The Borrower Defendants argue that even if WBCMT's operating agreement establishes a trustee as its sole member, this Court must still consider the citizenship of the trust beneficiaries. Courts must look past an artificial entity to its members in order to determine its citizenship.
Carden, 494 U.S. at 195. When an artificial entity is comprised of other artificial entities, courts must continue the inquiry. In some cases, this will require endless unraveling, and the rule is justly criticized as " technical, precedent-bound, and unresponsive to policy considerations raised by the changing realities of business organization."
Carden, 494 U.S. at 196; see also Grupo Dataflux v. Atlas Global Grp., L.P., 541 U.S. 567, 582, 124 S.Ct. 1920, 158 L.Ed.2d 866 (2004) (" Uncertainty regarding the question of jurisdiction is particularly undesirable, and collateral litigation on the point particularly wasteful." ); Cox Broad. Corp. v. Cohn, 420 U.S. 469, 510, 95 S.Ct. 1029, 43 L.Ed.2d 328 & n.7 (1975) (Rehnquist, J., dissenting) (lamenting that " courts and the parties must expend great energy not on the merits of dispute settlement, but on simply deciding whether a court has the power to hear a case" ).
But no unraveling is necessary here. When an LLC's sole member is a
trust, it is necessary to determine the trust's citizenship in order to answer the ultimate question of the LLC's citizenship.
See, e.g., Mills, 2013 WL 443541, at *5. When, however, an LLC's sole member is a trustee, the LLC's membership is determined by the citizenship of the trustee alone. Carden, 494 U.S. at 191 (active trustees whose control over the assets held in their names is real and substantial may sue in their own right, without regard to the citizenship of the trust beneficiaries);
Navarro, 446 U.S. at 465-66 (accord); Nova Grp., 2013 WL 781100, at *1 (accord); see also U.S. Bank Nat'l Ass'n v. Nesbitt Bellevue Prop., LLC, 859 F.Supp.2d 602 (S.D.N.Y. 2012) (applying Navarro when analyzing diversity jurisdiction in suit brought by REMIC trustee); LaSalle Bank Nat'l Ass'n v. Nomura Asset Capital Corp., 180 F.Supp.2d 465, 470 (S.D.N.Y. 2001) (same). As a national banking association, U.S. Bank " is a citizen of the State in which its main office, as set forth in its articles of association, is located" --here, Ohio. Wachovia Bank, N.A. v. Schmidt, 546 U.S. 303, 307, 126 S.Ct. 941, 163 L.Ed.2d 797 (2006); see also Mfrs. & Traders Trust Co. v. HSBC, 564 F.Supp.2d 261, 263 (S.D.N.Y. 2008).
The Borrower Defendants also argue that the trust beneficiaries are members of WBCMT--even though they are not specified as such under the agreement--because Ohio law provides a broad definition of LLC membership. Under Ohio law, however, the membership of an LLC is determined by its operating agreement. Ohio Rev. Code § 1705.081(A). And WBCMT's operating agreement provides that U.S. Bank National Association is WBCMT's sole member. (Operating Agreement at 1.)
The Borrower Defendants' efforts to " raise factual issues by quibbling over the nature of the trust arrangements fails in light of the express provisions of the [Operating Agreement]. Courts should avoid being drawn too deeply into such quibbles." Wells Fargo Bank Northwest, N.A. v. TACA Intern. Airlines, S.A., 314 F.Supp.2d 195, 201 (S.D.N.Y. 2003) (Lynch, J.). " [I]t would be a mistake to complicate the ascertainment of jurisdiction by making it turn on the precise division of responsibilities between [trustees and other parties.]" May Dep't Stores Co. v. Fed. Ins. Co., 305 F.3d 597, 599 (7th Cir. 2002) (Posner, J.).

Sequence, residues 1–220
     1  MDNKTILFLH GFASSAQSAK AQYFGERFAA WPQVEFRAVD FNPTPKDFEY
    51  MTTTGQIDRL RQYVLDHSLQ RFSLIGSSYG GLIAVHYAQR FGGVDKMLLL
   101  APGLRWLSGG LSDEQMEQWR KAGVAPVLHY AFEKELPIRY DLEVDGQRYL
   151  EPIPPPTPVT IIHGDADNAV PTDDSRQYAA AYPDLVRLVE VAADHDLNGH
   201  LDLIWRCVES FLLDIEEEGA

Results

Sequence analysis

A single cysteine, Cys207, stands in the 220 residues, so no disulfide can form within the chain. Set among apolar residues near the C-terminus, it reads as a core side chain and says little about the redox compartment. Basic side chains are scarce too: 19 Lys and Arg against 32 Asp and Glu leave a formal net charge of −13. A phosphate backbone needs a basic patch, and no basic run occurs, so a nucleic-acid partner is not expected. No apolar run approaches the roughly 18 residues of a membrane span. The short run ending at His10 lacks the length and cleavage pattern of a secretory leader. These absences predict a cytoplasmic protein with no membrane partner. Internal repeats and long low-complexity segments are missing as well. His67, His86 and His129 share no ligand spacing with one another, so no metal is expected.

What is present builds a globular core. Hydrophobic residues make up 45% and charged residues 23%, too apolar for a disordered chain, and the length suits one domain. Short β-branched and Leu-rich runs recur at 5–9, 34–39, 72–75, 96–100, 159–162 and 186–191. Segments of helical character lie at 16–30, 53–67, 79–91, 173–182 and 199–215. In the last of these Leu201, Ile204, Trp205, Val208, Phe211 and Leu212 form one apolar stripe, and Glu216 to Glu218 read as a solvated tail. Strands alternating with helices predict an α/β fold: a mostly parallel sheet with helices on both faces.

II. Real and Substantial Party To The Controversy
When otherwise diverse plaintiffs bring an action, they must be real and substantial parties to the controversy.
Navarro, 446 U.S. at 460. " To establish whether a plaintiff is a real and substantial party to the controversy, a crucial distinction must be made between a plaintiff who sues solely in his capacity as an agent, on the one hand, and, on the other, a plaintiff who sues not only as an agent, but also as an individual who has his own stake in the litigation." Oscar Gruss, 337 F.3d at 194. " [A] real party to the controversy for purposes of diversity jurisdiction . . . possesses certain customary powers to hold, manage, and dispose of assets for the benefit of others."
Navarro, 446 U.S. at 464. But when a plaintiff sues solely in his capacity as an agent, that plaintiff is a mere conduit, and courts must look beyond the agent to the principal.
Navarro, 446 U.S. at 464.
Here, the Borrower Defendants argue that U.S. Bank is not a real party in interest because it (1) does not hold or manage trust assets, (2) has no power to control foreclosure actions brought on behalf of the trust, and (3) has
no power to terminate the special service. They argue that when U.S. Bank gave all " right[s], title and interest in and to the Loan Documents" to WBCMT it lost that interest and became a mere conduit for the trust beneficiaries. (Memorandum of Law in Support of Borrower Defendants' Motion to Dismiss for Lack of Subject Matter Jurisdiction, dated June 6, 2013 at 10.) But the threshold inquiry for establishing the " real and substantial party to the controversy" is whether the plaintiff itself--not its sole member--has a stake in the litigation. The Borrower Defendants concede that all " right[s], title and interest in and to the Loan Documents" are vested in WBCMT. As such, WBCMT has a real and substantial interest in the litigation.
There are layers of artificial entities in this action. The proliferation of corporate artifices obscures facts and makes jurisdictional analysis more complex and costly. But here, complex facts give way to a simple legal answer: WBMCT has all right, title, and interest in the loan documents. That makes it a real and substantial party to the controversy and not merely a shell designed to circumvent the requirements of diversity jurisdiction.
For the foregoing reasons, the Borrower Defendants' motion to dismiss for lack of subject matter jurisdiction is denied. The Clerk of the Court is directed to terminate the motion pending at ECF No. 38.